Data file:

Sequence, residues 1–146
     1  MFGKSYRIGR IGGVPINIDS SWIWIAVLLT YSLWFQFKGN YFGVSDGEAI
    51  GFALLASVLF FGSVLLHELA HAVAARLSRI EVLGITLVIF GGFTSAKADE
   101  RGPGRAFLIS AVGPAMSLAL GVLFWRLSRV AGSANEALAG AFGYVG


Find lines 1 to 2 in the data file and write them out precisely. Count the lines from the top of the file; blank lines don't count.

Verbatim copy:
Sequence, residues 1–146
     1  MFGKSYRIGR IGGVPINIDS SWIWIAVLLT YSLWFQFKGN YFGVSDGEAI